Tom Friedman, champion of central planning:

China is doing moon shots. Yes, that's plural. When I say "moon shots" I mean big, multibillion-dollar, 25-year-horizon, game-changing investments. China has at least four going now: one is building a network of ultramodern airports; another is building a web of high-speed trains connecting major cities; a third is in bioscience, where the Beijing Genomics Institute this year ordered 128 DNA sequencers... and, finally, Beijing just announced that it was providing $15 billion in seed money for the country's leading auto and battery companies to create an electric car industry, starting in 20 pilot cities.

Good for them. Of course, by far the most likely outcome is that these dollars will turn out to be poorly invested relative to the uses China's private sector would have turn them to, but... I don't know, it's like going to the moon or something. Hurray! As we all know, the Moon turned out to be chock full of useful resources, such that half a century later we're considering going back sometime in the next half century, maybe.

Tom's sure we're missing the boat by not building electric cars, but there's little reason to think there will be widespread demand for electric cars anytime soon, and the notion Moore's Law applies to auto batteries is pretty silly (and even if it were true, it would mean the best bet is to hold off on massive investment until electrics are more than competitive with gas rather than make huge numbers of cars no one wants with manufacturing processes that will shortly be obsolete). Naturally, Tom's solution to the demand problem is... massive state intervention (bet you didn't see that one coming!).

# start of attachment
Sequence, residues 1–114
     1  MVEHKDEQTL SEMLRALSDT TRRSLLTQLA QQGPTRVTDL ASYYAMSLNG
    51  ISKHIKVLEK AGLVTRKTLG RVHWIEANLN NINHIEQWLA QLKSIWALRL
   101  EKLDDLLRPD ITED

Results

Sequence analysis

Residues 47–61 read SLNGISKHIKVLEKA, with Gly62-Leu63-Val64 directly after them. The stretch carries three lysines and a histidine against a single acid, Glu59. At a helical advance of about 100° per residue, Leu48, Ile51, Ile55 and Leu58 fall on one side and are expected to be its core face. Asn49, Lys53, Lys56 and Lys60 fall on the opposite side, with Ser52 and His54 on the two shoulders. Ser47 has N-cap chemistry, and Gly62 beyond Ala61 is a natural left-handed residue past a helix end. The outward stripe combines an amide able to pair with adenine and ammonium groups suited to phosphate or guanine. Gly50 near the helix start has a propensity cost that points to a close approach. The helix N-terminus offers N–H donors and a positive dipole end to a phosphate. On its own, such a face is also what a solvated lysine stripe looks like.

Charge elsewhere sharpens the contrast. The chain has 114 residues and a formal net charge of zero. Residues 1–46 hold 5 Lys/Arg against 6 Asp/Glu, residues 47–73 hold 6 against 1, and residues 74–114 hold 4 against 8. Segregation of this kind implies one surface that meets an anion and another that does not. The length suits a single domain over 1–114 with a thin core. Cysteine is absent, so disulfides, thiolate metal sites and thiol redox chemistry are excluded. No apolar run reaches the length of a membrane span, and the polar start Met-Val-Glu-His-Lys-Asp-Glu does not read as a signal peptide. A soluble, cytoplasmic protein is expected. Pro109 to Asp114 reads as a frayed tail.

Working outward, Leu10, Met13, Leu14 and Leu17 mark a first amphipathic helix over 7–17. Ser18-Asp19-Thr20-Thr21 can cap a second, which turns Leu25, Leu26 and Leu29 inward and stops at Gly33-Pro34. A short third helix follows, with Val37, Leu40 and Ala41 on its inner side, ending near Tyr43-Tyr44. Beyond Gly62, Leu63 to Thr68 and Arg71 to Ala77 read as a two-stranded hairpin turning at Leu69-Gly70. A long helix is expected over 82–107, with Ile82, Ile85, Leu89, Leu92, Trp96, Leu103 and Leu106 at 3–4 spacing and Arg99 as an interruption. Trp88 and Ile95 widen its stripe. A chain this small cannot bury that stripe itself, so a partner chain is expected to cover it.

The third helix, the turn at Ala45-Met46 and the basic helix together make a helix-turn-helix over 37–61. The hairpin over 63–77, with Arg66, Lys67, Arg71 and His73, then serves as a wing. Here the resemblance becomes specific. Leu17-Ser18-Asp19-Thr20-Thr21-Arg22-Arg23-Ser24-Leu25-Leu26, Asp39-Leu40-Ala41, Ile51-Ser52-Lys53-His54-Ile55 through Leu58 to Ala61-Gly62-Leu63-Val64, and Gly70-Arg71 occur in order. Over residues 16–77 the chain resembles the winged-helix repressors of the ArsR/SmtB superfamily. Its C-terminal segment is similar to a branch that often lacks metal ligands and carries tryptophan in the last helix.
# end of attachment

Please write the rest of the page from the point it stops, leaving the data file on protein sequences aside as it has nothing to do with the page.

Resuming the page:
Europe is using $7-a-gallon gasoline to stimulate the market for electric cars; China is using $5-a-gallon and naming electric cars as one of the industrial pillars for its five-year growth plan. And America? President Obama has directed stimulus money at electric cars, but he is unwilling to do the one thing that would create the sustained consumer pull required to grow an electric car industry here: raise taxes on gasoline.

Oddly enough, most Americans aren't interested in voting themselves 200% higher energy prices for... something or other. Hypothetical future jobs making cars that people only buy because we imposed massive energy taxes, I guess. Once again, democracy stands in the way of progress! Why can't we have five-year plans? It's just not fair.

posted by Dave on 09.26.10 at 04:11 PM


Other than truckers, Europeans do not drive the distances we do - don't have too. In China drivers will again not be going cross country or city to city or suburb to suburb. Intercity only driving is and will be the norm. Again except for truckers. Will their fuel be subsidised?
Fridman probably does not drive either - he has someone do it for him.

LYNNDH   ·  September 26, 2010 4:49 PM

Friedman thinks we ought to raise taxes on gasoline, Gingrich thinks we ought to subsidize it... because the market can't possibly be right. Our political class just can't imagine a world that isn't better off with them running everything instead of getting out of the way of what works.

Lark   ·  September 26, 2010 8:49 PM

Anyone who doesn't believe that the Chi Coms are capable of killing another 500 million or so of their citizens if it fits their perceived central plan is foolish.
They will.

dr kill   ·  September 27, 2010 8:24 AM

Demand for electric cars skyrocketed in Spain last year.
Sales went up by 1500% from 2008, to 15 cars in a single year!

JTW   ·  September 29, 2010 4:35 PM

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